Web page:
When you think of fascinating creatures, I bet the last animal that comes to mind is an ant. Most of these tiny little insects are no more than the size of a pencil eraser and are annoying, creepy, as well as gross when seen scurrying across your kitchen floor with a piece of food. The truth is, however, these little bugs are quite fascinating. If you’ve ever watched movies about the ancient Roman Empire, looking into the lives of ants is quite similar. With queen ants, worker ants, and slave ants, these social little buggers have their roles to play within our ecosystem. We bet you’ll be surprised at all of the things you didn’t know about these disgusting yet incredibly unique creatures.
Life Stages of An Ant
An ant is classified as a terrestrial anthropoid. They shed their exoskeletons to grow a new one, a process called molting, the same thing the caterpillar does to change into a butterfly. Ants undergo metamorphosis in four stages. They start as eggs, then hatch into worm-shaped larva. They grow very fast, and when old enough, change again into a pupa. During this stage, they rest and reorganize. In the last stage they emerge as an adult in which like humans, they are fully grown. The entire process can take anywhere from several weeks to a few months.
Different Species of Ants
Did you know there are between 12,000 and 22,000 species of ants worldwide? One colony of ants can house up to 250,000 members. Some of the most common types of ants that live here in the United States are:
- Carpenter ants
- Odorous house ants
- Pavement ants
- Red imported fire ants
- Argentine ant
- Sugar ant
- Pharaoh’s ant
- Thief ant
- Harvester ant
- Blackhouse ant
Ants Are Stronger Than They Look
Ladies, if you’re looking for a strong man, date an ant. Many of us have seen firsthand ants maneuvering across our floor carrying a crumb twice their size. This is because ants can carry approximately 5,000 times their own body weight. And, they can run at around 300 meters an hour, a rate of nearly 800 times their body length per minute. That’s quite impressive.
The Ant Colony is A Human Version of Game of Thrones
Ants live in colonies that consist of millions of ants. This is why when you step upon an ant hill, you often see so many. There are three kinds of ants in the colony, and each has its role: the queen, the female workers, and the males. There is no electoral process or voting in a candidate. The queen is typically chosen simply by her appearance when she is born, and she is the only ant who can reproduce and lay eggs. Depending on the colony, it may have one or many queens.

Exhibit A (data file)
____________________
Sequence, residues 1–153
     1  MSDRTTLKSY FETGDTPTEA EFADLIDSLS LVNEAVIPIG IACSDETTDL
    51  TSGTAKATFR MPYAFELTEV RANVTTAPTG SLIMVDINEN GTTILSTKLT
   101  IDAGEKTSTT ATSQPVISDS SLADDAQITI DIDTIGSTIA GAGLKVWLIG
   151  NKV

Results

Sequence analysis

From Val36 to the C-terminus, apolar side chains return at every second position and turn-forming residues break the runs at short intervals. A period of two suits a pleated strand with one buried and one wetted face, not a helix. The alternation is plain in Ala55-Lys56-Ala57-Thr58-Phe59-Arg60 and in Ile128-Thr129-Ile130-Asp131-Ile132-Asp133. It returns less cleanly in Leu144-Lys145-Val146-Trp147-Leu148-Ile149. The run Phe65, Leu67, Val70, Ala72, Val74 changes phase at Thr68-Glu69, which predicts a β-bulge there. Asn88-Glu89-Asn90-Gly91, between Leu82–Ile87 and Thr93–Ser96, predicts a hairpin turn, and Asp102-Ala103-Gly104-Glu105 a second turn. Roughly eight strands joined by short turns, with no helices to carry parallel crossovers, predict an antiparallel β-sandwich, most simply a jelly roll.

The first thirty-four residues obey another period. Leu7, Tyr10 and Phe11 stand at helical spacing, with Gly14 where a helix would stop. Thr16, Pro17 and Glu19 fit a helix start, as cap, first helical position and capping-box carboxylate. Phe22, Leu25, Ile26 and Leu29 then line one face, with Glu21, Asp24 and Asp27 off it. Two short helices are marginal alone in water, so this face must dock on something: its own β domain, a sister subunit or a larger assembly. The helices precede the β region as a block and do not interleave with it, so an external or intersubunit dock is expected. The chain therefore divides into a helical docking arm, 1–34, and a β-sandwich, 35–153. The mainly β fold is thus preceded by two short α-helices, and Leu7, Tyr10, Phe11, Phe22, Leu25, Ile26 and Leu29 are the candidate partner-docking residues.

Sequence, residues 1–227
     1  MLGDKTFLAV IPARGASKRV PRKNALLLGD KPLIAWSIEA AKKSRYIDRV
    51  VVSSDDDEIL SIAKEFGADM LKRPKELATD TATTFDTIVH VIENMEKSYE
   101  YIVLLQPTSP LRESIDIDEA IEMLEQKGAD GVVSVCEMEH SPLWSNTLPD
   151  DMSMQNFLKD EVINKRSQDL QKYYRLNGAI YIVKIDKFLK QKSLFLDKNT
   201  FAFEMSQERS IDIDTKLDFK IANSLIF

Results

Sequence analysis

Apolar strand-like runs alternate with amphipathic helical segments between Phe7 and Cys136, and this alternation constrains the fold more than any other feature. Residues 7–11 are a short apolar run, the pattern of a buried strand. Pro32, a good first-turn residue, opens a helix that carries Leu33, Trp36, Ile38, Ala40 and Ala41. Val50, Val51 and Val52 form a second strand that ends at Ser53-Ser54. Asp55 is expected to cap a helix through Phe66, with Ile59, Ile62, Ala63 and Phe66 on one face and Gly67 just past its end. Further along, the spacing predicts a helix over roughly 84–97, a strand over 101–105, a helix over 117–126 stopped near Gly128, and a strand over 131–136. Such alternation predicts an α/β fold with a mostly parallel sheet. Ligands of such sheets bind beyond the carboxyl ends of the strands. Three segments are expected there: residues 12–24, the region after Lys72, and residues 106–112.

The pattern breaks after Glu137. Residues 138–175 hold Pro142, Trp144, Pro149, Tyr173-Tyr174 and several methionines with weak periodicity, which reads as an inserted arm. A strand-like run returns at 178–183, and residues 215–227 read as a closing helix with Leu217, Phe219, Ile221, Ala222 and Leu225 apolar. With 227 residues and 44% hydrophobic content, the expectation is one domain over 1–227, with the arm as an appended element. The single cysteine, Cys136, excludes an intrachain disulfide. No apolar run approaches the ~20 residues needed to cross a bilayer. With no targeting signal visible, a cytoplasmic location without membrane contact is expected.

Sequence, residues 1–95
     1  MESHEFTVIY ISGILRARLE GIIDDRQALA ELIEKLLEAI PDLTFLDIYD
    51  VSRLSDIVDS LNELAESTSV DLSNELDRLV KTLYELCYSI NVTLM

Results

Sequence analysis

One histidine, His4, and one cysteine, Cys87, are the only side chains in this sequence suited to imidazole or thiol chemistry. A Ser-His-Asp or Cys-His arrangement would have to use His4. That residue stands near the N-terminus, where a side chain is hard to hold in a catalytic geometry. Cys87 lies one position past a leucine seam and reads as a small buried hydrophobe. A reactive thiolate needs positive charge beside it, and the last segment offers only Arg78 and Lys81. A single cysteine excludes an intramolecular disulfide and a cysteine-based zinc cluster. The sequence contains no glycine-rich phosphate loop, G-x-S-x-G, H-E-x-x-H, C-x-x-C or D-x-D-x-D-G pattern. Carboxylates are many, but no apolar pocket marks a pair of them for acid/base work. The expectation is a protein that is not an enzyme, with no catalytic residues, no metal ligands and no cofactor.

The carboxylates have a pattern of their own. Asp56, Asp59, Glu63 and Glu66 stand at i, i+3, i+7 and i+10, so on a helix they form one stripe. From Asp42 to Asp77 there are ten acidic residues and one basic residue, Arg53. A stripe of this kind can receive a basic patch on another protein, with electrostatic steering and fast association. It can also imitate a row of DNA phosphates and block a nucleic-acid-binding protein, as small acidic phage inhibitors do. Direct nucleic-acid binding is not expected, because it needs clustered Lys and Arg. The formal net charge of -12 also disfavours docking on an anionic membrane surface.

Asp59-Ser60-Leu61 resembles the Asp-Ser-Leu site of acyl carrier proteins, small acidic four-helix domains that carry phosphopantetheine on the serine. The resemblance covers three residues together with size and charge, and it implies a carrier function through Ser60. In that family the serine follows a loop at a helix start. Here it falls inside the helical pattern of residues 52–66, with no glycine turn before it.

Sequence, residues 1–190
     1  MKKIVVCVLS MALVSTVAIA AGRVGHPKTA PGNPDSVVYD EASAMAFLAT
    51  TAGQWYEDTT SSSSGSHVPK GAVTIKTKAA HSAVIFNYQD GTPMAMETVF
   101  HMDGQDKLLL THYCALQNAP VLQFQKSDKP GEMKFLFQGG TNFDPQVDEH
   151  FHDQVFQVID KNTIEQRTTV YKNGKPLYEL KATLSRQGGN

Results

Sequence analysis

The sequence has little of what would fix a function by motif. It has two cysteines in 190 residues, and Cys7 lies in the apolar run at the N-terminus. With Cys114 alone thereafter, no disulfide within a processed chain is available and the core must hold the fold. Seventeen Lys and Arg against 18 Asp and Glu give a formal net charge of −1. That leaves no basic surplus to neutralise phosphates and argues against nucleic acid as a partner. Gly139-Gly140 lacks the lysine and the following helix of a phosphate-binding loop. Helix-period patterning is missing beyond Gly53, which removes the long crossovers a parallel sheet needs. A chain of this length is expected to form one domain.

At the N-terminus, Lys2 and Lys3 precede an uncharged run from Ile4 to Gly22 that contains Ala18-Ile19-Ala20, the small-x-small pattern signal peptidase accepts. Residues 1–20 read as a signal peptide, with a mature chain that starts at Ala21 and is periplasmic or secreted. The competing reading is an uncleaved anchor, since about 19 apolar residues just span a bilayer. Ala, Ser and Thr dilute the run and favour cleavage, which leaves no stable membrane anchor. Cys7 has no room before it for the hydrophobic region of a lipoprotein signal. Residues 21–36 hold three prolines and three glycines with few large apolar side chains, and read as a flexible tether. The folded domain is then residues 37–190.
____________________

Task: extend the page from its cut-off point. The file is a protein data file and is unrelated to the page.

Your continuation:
The male ant’s job is solely to mate with those ants deemed worthy enough to be a queen. Shortly after mating, the male dies. Once a queen becomes an adult, she spends the rest of her life laying eggs. Sound a little boring? Perhaps the life of a soldier ant is a bit more exciting. These ants are put in charge of protecting the queen, defending the colony, and gathering and killing food. They are also in charge of attacking enemy colonies in search of food and nesting space. This is probably the most crucial role after the queen(s) because if the queen dies, no one else can reproduce, and the colony will not survive. If a colony is defeated, the winners take away the eggs of the conquered territory. Once these eggs are hatched, they become slaves to the new colony. Now, does it remind you of a movie about the old Roman Empire?
Other jobs of colony ants include taking care of the eggs and larva, gathering food, and building more anthills. Of course, these are all females. Just when you thought your life was bad, think of the ant who has been made a slave.
Ants Advanced Communication System
Ants do not have ears. They communicate with one another through touch, body language, pheromones, or chemical signals picked up by the ant’s antennae. They can talk to other ants simply by lightly touching or stroking the receiver in different ways. They also use the power of scent to lay out trails of food sources such as crumbs left in your kitchen for other workers to find and follow. When workers have found a food source, they will run back to the colony, sprinkle small drops of pheromones on the ground, and other worker ants will follow. They may also move their body in a specific manner or touch the other’s antennas. This advanced system of communication without the use of actual language continues to fascinate entomologists throughout the world.
Queen Ants and Male Ants Have Wings and Can Fly
Queen ants have larger abdomens than their counterparts which have wings built into them. During her time of mating, she uses the wings to fly to various nests with males so they can mate. After mating, the queen finds a nest to burrow in. At this point, she removes her wings and uses them as her main food source while she lays her eggs. Yes, she eats her wings. The unfortunate male dies shortly after mating.
Protect Your Home From Ants With Perimeter Pest Control by the Professionals at Turf Pro Plus
The life of an ant is not so dull after all. Still, none of us want them in our homes. While they are interesting, they are still dirty, crawly insects that belong outside. If your home isn’t properly protected, it is probably inviting ants to move in. You need perimeter pest control to help protect your home, family, and pets from ants and other pests. The professionals at Turf Pro Plus have your solution. Our perimeter pest control creates a liquid barrier around your house that will stop ants and other creepy, crawly bugs such as spiders, centipedes, earwigs, cockroaches, and others before they can get in. Contact us today and find out more. You can reach us at 513-545-6295 or by filling out our online form here.